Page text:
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Electronics Repair Forum
Forum topic/blog entry started by Scott on 4/16/10 2:36:37 PM (server time).
This topic has been viewed 5580 times.


Making my own rectifier/regulator for motorcycle & cars


I was interested in electronics when I was younger but have forgotten most of what I learned. I sometimes restore motorcycles and a common fault is damages rectifiers and regulators. I'll be buying another old wreck to restore soon, and will want to refresh the electronics. I don't want to rely on a 30 year old rectifier because I am often out on the highway a long way from anywhere.

It is simple circuitry, and I once made a rectifier out of second hand television parts to replace a damaged one in a motorcycle, but can't remember how I designed the circuit. Could someone describe the circuit layout for me so I can make a few rectifiers so I can easily replace them in vehicles. They work just as well in cars as in motorcycles so a few of them made ready to install would be great. I would like to include the rectifier and 12v regulator together, but making them seperate circuits and just wiring them together would probably be the best way to do things. I'd like the simplest design possible, i.e. I think it was just 4 capacitors layed out a certain way. What type/size capacitors should I use for longevity and reliability. I'll use old TV components again.

I seem to remember that I'd make the regulator to output slightly higher than 12v (something like 13.4v) so that it charges the battery properly. Is there a IC available now that will do that. I'd say there probably is. If you can advise me of the part number for that, I'd use that to regulate the voltage and then just make my own rectifiers, which would be the easiest route I think.

Can anyone help?

Thanks in advance.
Reply from/

5/31/11 12:01:26 PM

Actually i was interested in the same thing. see the Old bikes eat up RR's (regulator rectifier's) alot...I think its horrible alternator designs... but here's why they blow out...when you rev up the engine..the engine puts out 280+volts into the voltage regulator and some rectifiers can't handle that voltage for a long period of time..they heat up...and if even one diode on the rectifier blows out you'll be stuck with a half wave and little or no charge capability at normal driving range. hence the RR is gone...I restore old bikes too. buying the Bridge rectifiers for high current is fairly easy you can by both 1 phase and 3 phase bridge rectifiers. they have to be put on a heat-sink. The next thing would be a linear voltage regulator...for more current you can Google "high current linear voltage regulator" and it should show you how to Parallel them quite efficiently but that does not help with the input voltage. see it can vary from 14-280 plus volts and that pretty much makes allot of linear voltage regulator's useless. what i don't know is the constant sustained current usage of a motorcycle's electrical system. Then you have the current usage when it is rev'd up, which is a guarantee. so basically i need help here just like you do. I need a linear voltage regulator...(i can have two+ in parallel with load balancing Resistor's and caps.) WITH a low drop out, High input voltage up to 400v and a stable out put voltage of 13 to 14 volts...this means it has to be something like a LM7813 linear voltage regulator but the capability of handling such high input voltage and current and out put at least twice the minimum sustained load current from the bike's electrical system.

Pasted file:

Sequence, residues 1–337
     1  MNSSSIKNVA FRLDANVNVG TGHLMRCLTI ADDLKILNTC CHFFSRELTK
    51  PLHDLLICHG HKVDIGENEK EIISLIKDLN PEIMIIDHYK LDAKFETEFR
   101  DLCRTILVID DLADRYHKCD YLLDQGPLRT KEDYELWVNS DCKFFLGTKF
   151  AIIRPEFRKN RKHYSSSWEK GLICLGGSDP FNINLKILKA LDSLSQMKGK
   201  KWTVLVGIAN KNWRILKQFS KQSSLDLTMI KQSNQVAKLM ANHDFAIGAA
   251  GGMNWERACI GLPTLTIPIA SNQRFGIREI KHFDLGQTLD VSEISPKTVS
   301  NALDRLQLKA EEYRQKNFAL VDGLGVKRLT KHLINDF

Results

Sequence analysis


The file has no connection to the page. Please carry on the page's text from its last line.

I hope you understood all that. If you remember how to make a good one then email me the info too. at I really wanna make one too.

2/23/13 2:13:29 AM
Plz make me one I will pay

2/23/13 2:19:56 AM
Dick smith has very low cost kits. If you can't get to them then try jaycar. You csn search their site for what u need.
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